Analysis of table below:
I find that Gateway 1.4.1 does not address Guideline 1.4. I think motion and contrast are separate issues. I find that Gateway Task 1.4.2 is redundant with Guideline 1.4 and therefore unnecessary.
Gateway 1.4.2 goes into an explanation of the reason contrast is important.
"Many people see disabilities as absolute, people are either completely impaired or not at all. This is not the case, the vast majority of disabilities are partial disabilities, people having a range of ability. As such it is important that people with a partial disability can differentiate between content and background. In auditory content this means good sound quality and that background noise is kept to a minimum. Visually users have a variety of contract needs. Some users also have issues with color. See section on color."
I suggest this paragraph needs work. First of all I think saying things like "completely impaired" and "partial disability" is problematic. I presume it is referring to someone who is partially sighted rather than completely blind. I understand the intent but I don't think it works.
The CSS 2.4 technique says "use numbers, not names for colors" This is not a direct hit on Guideline 1.5 although its title is "Color Contrast". I also wonder why using color names is problematic. Perhaps the author was thinking of future tools that would be able to measure RGB values but any tool like that should be able to convert color names to their HEX values. I think we could drop that CSS technique (2.4)
CSS techniques 2.7 addresses Guideline 1.4 but appears to me to be general in nature and as such could be part of the Gateway rather than CSS. (only *if* we had seamless integration between the documents ) CSS 2.8 address Guideline 1.4. Again it appears to start off with a technology independent suggestion which could move to the Gateway.
|Guideline 1.4||“In visual presentations, make it easy to
distinguish foreground words and images from the background.”
||Task 1.4.1"ensure that visual motion does not make content unreadable.”||None||2.4 Color Contrast
Use numbers, not names, for colors.
|Task 1.4.2 “Ensure that foreground content is easily differentiable from background for visual presentations”||
2.6 Foreground and background contrast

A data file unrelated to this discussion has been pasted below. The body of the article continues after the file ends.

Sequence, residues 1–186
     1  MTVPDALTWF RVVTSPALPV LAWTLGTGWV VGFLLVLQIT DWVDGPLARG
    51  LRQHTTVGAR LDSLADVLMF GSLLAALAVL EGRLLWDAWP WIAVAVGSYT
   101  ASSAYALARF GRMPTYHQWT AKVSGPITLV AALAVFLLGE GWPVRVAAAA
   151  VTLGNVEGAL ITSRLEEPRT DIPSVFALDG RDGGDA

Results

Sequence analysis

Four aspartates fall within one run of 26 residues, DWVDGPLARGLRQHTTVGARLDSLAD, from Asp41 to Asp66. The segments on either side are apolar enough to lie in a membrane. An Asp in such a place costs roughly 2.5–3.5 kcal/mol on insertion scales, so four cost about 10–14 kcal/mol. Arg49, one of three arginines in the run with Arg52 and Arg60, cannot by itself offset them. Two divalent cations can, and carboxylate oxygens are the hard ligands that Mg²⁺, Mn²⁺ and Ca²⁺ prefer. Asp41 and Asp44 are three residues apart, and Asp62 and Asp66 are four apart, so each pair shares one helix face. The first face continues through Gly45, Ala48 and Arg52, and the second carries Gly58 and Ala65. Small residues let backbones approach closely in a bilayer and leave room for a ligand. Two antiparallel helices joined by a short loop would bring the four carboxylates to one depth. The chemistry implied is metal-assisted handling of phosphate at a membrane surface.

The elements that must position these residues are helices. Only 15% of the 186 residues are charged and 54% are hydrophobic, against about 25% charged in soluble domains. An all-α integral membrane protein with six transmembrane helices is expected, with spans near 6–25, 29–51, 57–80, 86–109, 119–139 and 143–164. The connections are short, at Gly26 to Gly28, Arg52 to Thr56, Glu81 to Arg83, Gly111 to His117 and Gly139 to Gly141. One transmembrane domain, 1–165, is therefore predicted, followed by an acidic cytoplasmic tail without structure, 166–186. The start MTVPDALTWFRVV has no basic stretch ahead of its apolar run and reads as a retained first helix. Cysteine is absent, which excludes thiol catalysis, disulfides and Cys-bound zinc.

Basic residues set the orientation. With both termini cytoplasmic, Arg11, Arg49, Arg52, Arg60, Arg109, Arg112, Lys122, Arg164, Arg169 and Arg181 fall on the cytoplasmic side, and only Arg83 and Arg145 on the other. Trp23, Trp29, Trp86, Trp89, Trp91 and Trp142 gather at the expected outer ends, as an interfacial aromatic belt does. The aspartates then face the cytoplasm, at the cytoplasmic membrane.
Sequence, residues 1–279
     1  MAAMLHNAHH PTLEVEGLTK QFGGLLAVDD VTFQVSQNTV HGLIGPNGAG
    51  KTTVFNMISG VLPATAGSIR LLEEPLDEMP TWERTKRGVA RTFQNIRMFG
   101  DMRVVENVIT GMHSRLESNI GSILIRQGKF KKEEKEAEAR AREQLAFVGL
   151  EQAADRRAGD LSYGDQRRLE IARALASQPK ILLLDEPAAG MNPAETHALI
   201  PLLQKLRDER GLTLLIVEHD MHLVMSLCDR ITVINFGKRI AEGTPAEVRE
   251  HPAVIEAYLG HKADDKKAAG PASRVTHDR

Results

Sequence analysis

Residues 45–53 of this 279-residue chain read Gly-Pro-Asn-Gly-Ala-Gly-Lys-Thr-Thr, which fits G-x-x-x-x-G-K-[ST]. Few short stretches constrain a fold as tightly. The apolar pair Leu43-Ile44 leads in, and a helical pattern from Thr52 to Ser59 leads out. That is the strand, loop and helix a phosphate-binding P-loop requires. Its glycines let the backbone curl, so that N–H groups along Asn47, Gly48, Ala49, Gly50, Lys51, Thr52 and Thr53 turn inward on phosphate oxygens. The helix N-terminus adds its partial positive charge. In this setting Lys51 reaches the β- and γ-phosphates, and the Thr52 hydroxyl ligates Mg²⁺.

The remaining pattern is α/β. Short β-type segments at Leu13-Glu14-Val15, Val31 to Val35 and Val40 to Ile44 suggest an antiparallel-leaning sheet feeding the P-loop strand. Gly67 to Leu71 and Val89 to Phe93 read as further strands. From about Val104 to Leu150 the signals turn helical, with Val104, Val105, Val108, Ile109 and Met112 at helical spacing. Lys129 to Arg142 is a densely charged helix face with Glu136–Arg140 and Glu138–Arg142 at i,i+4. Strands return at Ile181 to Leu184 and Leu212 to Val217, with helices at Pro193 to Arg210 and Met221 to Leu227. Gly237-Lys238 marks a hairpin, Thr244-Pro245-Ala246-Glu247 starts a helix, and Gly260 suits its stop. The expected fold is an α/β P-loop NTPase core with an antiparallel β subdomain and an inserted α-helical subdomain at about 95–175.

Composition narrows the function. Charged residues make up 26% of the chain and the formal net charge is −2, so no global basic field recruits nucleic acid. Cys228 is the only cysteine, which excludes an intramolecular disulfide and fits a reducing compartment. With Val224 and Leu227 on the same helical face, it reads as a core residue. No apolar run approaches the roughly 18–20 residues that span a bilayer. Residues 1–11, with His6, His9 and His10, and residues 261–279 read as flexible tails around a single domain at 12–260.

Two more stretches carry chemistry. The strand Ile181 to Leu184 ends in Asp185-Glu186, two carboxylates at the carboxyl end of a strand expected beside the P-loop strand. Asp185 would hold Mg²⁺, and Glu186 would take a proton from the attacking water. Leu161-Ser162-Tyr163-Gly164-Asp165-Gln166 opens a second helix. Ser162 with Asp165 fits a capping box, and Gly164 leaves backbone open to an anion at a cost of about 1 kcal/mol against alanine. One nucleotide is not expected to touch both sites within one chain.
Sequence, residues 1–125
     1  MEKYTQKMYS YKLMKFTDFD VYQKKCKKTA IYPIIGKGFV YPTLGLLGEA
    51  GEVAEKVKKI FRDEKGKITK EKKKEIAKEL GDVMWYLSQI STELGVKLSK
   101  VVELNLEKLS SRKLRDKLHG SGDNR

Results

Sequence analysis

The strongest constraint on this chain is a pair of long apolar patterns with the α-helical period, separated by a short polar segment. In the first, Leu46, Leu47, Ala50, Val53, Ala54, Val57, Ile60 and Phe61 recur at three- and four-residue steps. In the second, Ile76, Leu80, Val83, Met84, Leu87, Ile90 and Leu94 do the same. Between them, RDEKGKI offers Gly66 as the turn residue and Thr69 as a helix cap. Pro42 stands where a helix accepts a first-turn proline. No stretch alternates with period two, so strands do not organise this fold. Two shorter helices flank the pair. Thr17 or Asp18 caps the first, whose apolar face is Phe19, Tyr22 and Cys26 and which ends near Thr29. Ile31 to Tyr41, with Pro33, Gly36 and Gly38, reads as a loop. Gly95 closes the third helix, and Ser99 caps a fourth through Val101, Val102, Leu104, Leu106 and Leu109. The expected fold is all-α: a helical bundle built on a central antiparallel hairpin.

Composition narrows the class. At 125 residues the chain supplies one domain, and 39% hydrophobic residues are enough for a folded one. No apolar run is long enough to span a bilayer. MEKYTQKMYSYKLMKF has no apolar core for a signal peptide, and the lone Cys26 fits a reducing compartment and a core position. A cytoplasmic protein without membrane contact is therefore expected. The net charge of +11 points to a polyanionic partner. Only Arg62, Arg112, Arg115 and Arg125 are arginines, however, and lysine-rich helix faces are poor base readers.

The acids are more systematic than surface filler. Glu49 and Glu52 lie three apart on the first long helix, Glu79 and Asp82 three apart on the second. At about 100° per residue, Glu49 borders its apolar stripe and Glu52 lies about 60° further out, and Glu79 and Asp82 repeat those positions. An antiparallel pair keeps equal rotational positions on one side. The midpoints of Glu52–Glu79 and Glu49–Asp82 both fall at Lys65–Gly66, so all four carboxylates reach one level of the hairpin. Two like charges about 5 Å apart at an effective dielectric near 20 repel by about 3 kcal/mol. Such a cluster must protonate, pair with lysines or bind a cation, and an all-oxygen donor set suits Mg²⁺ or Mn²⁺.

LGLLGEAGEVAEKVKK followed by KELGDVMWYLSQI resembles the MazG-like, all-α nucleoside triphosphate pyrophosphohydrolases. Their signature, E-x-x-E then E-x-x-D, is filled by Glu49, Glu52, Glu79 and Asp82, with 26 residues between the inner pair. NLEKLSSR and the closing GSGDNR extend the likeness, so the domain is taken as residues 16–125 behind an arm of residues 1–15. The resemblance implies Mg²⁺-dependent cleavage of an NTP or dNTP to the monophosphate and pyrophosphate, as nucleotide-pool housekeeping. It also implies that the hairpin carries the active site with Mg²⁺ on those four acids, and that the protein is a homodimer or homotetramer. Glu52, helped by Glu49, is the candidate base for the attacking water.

Ensure that foreground and background colors contrast well.
To test whether color contrast is sufficient to be read by people with color deficiencies or by those with low resolution monitors, print pages on a black and white printer (with backgrounds and colors appearing in grayscale). Also try taking the printout and copying it for two or three generations to see how it degrades. This will show you where you need to add redundant cues (example: hyperlinks are usually underlined on Web pages), or whether the cues are too small or indistinct to hold up well.
Editorial Note: Still want to recommend this test? Instead could recommend brewer palette or other techniques.
|Success Criteria 1:||Any text that is presented over a background is electronically available so that it could be re-presented in a form that allows the text to be distinguished from the background. [I]||All CSS separates presentation from content|
|Success Criteria 2:||Text that is presented over a background has a contrast greater than ____ between the text and the background as measured by ___ or the resource provides a mechanism to allow the text to meet this criterion. [V]||
2.7 Specifying fore- and background colors
If specifying a foreground color, always specify a background color as well (and vice versa).
|Success Criteria 3:||This item should read identically to level 2
item #1, except that it should say "in default presentation mode." [V]
Text is not presented over a background image or pattern, or if a background image or pattern is present, the text is easily readable when the content is viewed in grayscale to determine if the background makes it difficult to identify individual characters. [V]
2.8 Conveying information through multiple means (not just color)
Ensure that information is not conveyed through color alone
For example, when asking for input from users, do not write "Please select an item from those listed in green." Instead, ensure that information is available through other style effects (e.g., a font effect) and through context (e.g,. comprehensive text links).
|Informative||Who Benefits from Guideline 1.4 (Informative)
Individuals with low vision can easily read characters in the content even if they don't have the wide field of view or full range of color perception used by fully sighted persons to separate text from background images.
Examples of Guideline 1.4 (Informative)
Example 1: a background image on a page.
A background image and text are arranged so that there is no image behind the text or the image is so faint that the difference between the darkest part of the image and the text (which is dark) meets the standard foreground/background contrast requirements. The image behind the text also does not contain lines that are about the same width as the characters so they do not interfere with character recognition.
|Many people see disabilities as absolute, people are either completely impaired or not at all. This is not the case, the vast majority of disabilities are partial disabilities, people having a range of ability. As such it is important that people with a partial disability can differentiate between content and background. In auditory content this means good sound quality and that background noise is kept to a minimum. Visually users have a variety of contract needs. Some users also have issues with color. See section on color.|